Here is a closer look at the ground floor which is wheelchair-accessible:
The upper floor consists of two bedrooms, both with ensuite bathrooms as well as balconies overlooking the Pool Module below.
It’s been very interesting doing this. For the next house, also with Small House proportions, I’ve set my mind to drawing a flood-proof house, what with global warming, rising sea levels and the increasing incidents of hurricanes.
I decided to try designing a Small Home, using SketchUp, the 3D design software. My SketchUp skills are pretty rudimentary, but what the heck, I thought. Just give it a go, and if I’m stuck with something I don’t know how to do, just give it a quick Google search to see if that leads to help.
Why a ‘Small House’?
I’ve been fascinated with the Tiny House movement for some time now. I just love the idea of how having minimal living space will greatly benefit the environment by us acquiring and consuming less things, and generating less trash. Having fewer possessions also means spending less to maintain fewer things, which means more time and money for more fun and meaningful experiences, like travel, for example.
However, apparently what constitutes a Tiny House is a residential structure under 400 sq.ft (37 m2) which I feel is too small to accommodate the usage of a wheelchair comfortably. The bigger-than-tiny ‘Small Houses’ which are considered to be between 400 sq.feet (37 m2) and 1,000 sq.feet (93 m2) would be more suitable in size. They also offer the amenities of a typical house, like a ‘more regular-sized’ kitchen for example, while still offering the option to live in a smaller space than the average typical home.
Why a Wheelchair-Accessible House?
Why not? I’m not a wheelchair user or personally know one, but I’ve always felt that if you’re going to build a house, you might as well make it wheelchair-friendly. It’s not just about being inclusive. Even if there are no wheelchair users in your household, the extra space already incorporated would always be appreciated by anyone, wheelchair user or not. The space can always be configured to different needs.
And if you ever want to sell it, not only are you offering a more readily-viable option for wheelchair users, as the seller you also benefit by having a wider market to pitch the house to. As long as the space and general layout are there, the wheelchair user may only need to modify or add a few things. For example, a ramp long enough for a gentle enough gradient, to lead to an entrance door that had been put in a location precisely with that possible future ramp in mind.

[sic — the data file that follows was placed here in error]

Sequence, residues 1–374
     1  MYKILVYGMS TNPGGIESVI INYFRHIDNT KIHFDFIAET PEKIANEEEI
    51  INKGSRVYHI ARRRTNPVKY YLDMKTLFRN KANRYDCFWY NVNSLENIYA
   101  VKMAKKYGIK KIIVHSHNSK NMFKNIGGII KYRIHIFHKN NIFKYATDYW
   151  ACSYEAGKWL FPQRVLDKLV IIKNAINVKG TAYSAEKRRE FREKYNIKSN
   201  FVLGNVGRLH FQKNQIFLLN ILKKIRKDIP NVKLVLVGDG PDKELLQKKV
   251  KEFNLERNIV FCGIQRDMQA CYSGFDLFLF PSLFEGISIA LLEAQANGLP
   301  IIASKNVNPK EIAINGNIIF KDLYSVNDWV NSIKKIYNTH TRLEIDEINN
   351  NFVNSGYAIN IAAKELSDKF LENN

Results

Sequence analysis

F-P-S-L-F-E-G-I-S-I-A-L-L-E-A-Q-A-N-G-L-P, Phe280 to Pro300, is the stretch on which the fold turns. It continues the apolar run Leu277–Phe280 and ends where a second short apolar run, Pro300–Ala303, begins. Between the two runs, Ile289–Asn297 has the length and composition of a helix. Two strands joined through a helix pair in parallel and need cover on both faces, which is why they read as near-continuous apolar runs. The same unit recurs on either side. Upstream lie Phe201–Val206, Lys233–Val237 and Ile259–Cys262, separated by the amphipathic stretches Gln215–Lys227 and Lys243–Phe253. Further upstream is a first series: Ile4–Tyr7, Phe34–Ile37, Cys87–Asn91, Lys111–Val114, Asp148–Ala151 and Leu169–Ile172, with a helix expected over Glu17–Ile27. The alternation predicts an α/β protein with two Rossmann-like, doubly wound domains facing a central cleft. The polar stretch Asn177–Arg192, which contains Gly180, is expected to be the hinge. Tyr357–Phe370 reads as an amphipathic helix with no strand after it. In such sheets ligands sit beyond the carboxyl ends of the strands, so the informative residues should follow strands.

The Single Storey House features 1 double bedroom and 1 bathroom, both with space for the wheelchair user to manouvre around. The same space consideration is also given to the kitchen and living room.
I don’t have the internal layout to show here because I came up with that by arranging furniture and fittings from SketchUp’s brilliant 3D Warehouse. But then I’m not sure whether I’m allowed to feature them here on my WordPress post and other social media like my Instagram. So I’ve decided to slowly make my own furniture like I did the house, along with bathroom and kitchen fittings. Nothing fancy or complicated because frankly I lack the skills, but just simple basic forms to serve their indicated function in their selected dimensions: ‘chair’, ‘dining table’, ‘toilet bowl’, etc. I’ll probably make another post or simply update this one when I’m ready with the internal layout.
(*Update: I’ve done all those things and an internal layout! Here’s the link to that post. And I’ve also now done a flood-resistant version of a wheelchair-accessible house. Here’s the link to that one.)
The following gallery is a series of combination pairings that share the Pool Module. I especially like the middle one featuring one each of Double Storey and Single Storey houses. I’m visualizing the Single Storey one being used for in-laws, visiting guests, even adult children who have come back to live with parents (in this economy!) or as an office. The perfect home office for the Covid19 nightmare times we are in right now.
And when things get better (Things gotta get better, right? Please, God), it can even be a showroom for the merchandise of your home business. Or a space to hold classes, whatever is it you teach. So many different uses.
The Single Storey or Double Storey house, or any of the combo pairings above, is also ideal for holiday chalets or resort villas. Wouldn’t it be grand and so cool if the hospitality industry have such accommodations, or more of them, with the wheelchair user in mind?
I’m going to improve this design as I go along, as and when I have the time. I need to create the furniture and fittings for the internal layout, and I’m excited to see how to put in more Art Deco-inspired touches, starting with the windows and sliding doors for sure. And that ramp definitely needs to be longer so it can be less steep.
- Accidental Hippies – Tiny vs. Small: Why we chose not to build a Tiny House
- The Plan Collection – What you need to know about Tiny versus Small House plans